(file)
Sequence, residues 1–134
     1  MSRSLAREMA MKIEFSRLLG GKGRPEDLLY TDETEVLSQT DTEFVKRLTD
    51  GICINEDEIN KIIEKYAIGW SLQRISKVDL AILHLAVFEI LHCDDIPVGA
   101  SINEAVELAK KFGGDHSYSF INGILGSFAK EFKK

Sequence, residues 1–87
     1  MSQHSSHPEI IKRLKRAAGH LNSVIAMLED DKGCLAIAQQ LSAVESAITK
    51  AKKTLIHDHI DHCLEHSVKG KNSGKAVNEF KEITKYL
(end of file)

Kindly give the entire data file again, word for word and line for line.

Sequence, residues 1–134
     1  MSRSLAREMA MKIEFSRLLG GKGRPEDLLY TDETEVLSQT DTEFVKRLTD
    51  GICINEDEIN KIIEKYAIGW SLQRISKVDL AILHLAVFEI LHCDDIPVGA
   101  SINEAVELAK KFGGDHSYSF INGILGSFAK EFKK

Sequence, residues 1–87
     1  MSQHSSHPEI IKRLKRAAGH LNSVIAMLED DKGCLAIAQQ LSAVESAITK
    51  AKKTLIHDHI DHCLEHSVKG KNSGKAVNEF KEITKYL